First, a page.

As time goes by we are building a large picture collection of butterflies in all their many life phases. We get these pictures not because we sit in silence for hours waiting patiently for butterflies to land near us and lay eggs. Quite the contrary, as our plant-tending activities usually scare off any insects that might be on or near the plants we are trimming, potting up, or otherwise babying. The reason we see and photograph so many of these caterpillars and butterflies is because we are growing the host plants on which these caterpillars feed. The picture above was taken last year by Pandra. It’s an adult female American Lady (Vanessa virginiensis) laying eggs (ovipositing) on a Pussytoe leaf (Antennaria sp.).
We’d read that American Lady caterpillars would eat Antennaria species, but now we have proof:
Two of them were in our pots of Antennaria plantaginifolia in the greenhouse this past week. They seemed to be eating just the leafy green parts and leaving the fuzzy hairs that coat the back of the leaf alone. The color patterns of caterpillars are endlessly fascinating to me. They often change throughout the life cycle of the caterpillar as it grows and sheds successive skins. This one has probably already molted 4 or 5 times to get this large. The next stage after the caterpillar has grown as large as possible is the chrysalis or pupa stage.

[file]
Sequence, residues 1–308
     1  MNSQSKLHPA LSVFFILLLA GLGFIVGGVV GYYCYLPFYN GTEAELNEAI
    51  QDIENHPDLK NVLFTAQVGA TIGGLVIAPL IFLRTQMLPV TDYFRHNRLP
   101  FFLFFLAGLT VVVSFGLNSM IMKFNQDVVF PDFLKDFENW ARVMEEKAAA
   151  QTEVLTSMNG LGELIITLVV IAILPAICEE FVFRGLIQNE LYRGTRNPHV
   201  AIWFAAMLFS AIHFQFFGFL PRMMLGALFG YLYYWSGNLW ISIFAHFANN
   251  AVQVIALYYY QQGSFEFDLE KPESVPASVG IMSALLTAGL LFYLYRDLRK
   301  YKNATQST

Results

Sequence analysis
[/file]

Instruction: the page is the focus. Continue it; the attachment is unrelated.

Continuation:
The other caterpillar that had been feeding on these plants reached this stage just before we noticed them. It had headed up the stalk of a nearby aster and proceeded to pupate. You can already see the changes in color and form happening.
This was about 24 hours later. Completely different (but still gorgeous) coloration, and now the changes are hidden by the newly formed chrysalis. I really hope that I’m at the farm when this one hatches (7-10 days later) and I can get some good pictures of it emerging. There’s hundreds of flowers blooming mere feet away, so it will have plenty of food when it wakes up!
So, if you want to see similar miracles occur in your yard or garden:
1) Avoid pesticide use at all costs. Butterflies, especially their caterpillars, are the “good guys” that get wiped out when pesticides are applied to control other insects.
2) Plant some (native!) host plants.
3) Plant a variety of flowering plants that will provide nectar throughout the season so that whenever a butterfly does emerge there is food right there for it, and it will stay in your yard.
Onward and Upward!